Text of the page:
There are so many excellent writers around today that I’m never surprised when I discover another one. I was unfamiliar with Kate’s work until I read the fabulous A Day of Fire – a Novel of Pompeii. I loved her part of the story, The Senator, and it encouraged me to take up the offer of an ARC of her new book, Lady of the Eternal City.
As ill luck would have it, I couldn’t start reading it for a while and when I did I was frustrated by having very short snatches of reading time but it was certainly worth setting aside some time for!
Kate weaves the story of Emperor Hadrian around the characters of his Empress, Vibia Sabina and the fictional Vix, a relentlessly driven Praetorian commander. I knew little about Hadrian and his period in office – apart from the wall obviously – so it was all new to me. The whole story is very much character-driven – which I liked. Even many of the minor characters get under your skin and give the story a richness and depth. We are spared endlessly detailed descriptions of places and ideas which, for me, only ever serve to slow up the story.
The characters are complex and we are shown many different facets of that complexity as the author moves from one POV to another. You really feel as if you are inside the main characters. The character development is also extraordinary and this is particularly true of the Emperor Hadrian who follows a stumbling error strewn path along life’s journey. We are given a genuine insight into both the reasons for his success and the flaws in his character.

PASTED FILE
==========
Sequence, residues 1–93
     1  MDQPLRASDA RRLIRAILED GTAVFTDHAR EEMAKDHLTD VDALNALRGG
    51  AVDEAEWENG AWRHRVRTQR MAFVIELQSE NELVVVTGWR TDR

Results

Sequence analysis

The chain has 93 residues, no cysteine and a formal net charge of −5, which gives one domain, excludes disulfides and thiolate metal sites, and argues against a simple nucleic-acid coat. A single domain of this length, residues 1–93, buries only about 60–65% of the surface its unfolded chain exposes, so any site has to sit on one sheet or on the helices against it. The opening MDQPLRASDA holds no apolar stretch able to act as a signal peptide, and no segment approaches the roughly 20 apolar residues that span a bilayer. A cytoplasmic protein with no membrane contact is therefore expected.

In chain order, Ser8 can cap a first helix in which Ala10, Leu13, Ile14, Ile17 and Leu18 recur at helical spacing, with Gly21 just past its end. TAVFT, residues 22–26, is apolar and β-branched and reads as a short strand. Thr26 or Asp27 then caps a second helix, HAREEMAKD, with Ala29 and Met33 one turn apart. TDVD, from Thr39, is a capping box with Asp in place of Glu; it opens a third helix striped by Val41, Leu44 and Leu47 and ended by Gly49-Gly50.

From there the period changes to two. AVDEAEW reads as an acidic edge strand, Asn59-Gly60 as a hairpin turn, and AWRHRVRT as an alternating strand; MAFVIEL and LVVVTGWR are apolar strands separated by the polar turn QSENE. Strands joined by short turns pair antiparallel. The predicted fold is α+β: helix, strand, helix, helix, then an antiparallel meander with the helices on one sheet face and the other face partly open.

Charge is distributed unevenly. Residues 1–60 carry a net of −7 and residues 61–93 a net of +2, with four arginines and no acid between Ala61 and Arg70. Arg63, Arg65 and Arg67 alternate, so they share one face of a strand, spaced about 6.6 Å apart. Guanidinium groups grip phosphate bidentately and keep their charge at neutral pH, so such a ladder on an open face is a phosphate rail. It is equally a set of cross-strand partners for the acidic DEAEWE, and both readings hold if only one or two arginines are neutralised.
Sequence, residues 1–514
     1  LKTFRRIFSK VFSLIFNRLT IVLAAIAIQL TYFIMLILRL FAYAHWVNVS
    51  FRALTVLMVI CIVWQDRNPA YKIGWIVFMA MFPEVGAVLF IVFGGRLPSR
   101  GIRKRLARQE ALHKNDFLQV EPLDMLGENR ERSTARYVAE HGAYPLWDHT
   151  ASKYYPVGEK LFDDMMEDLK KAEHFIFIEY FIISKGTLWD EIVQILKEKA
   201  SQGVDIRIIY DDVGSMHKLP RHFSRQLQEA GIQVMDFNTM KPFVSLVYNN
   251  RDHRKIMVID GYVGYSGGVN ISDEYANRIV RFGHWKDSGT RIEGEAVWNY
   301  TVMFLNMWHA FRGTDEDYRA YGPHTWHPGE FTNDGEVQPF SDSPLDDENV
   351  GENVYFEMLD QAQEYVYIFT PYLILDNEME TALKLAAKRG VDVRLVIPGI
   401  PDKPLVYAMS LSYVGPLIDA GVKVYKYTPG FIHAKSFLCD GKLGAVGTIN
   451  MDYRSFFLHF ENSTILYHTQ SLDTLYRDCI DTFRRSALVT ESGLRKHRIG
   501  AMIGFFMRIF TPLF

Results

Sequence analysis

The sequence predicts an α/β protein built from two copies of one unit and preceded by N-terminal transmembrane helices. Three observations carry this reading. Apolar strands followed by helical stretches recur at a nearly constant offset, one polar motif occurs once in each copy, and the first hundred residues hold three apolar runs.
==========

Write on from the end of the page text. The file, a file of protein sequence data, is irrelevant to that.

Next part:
I loved all of the central characters especially young Annia Galeria Faustina. I like my heroines feisty. Though I was told off at HNS London for using that word, I think people know what I mean by it. It is all too easy for female protagonists in any period to be written as a clone of the Girl with the Dragon Tattoo and for strong women to be seen as ‘men with boobs’. By contrast the character of Annia is really well drawn. She is rugged and blunt but somehow always retains her femininity. Kate manages her development from childhood into adult very skilfully. In fact when the women who inhabit Kate’s book show strength, it is always a strength rooted in the context of the time period.
The story covers the best part of twenty years but, despite that, there is still a relentless pace to it. There is also great balance in the handling of the different, but closely entwined, strands of the story. Kate manages deft, sensitive storytelling but spares the reader little of the brutality and corruption of the age. So, it’s my kind of book!
Lady of the Eternal City is available on Amazon at: http://www.amazon.co.uk/Lady-Eternal-City-Empress-Rome-ebook/dp/B00L9B7MP0/
… and I am sure lots of other places too… rush out and swallow it whole!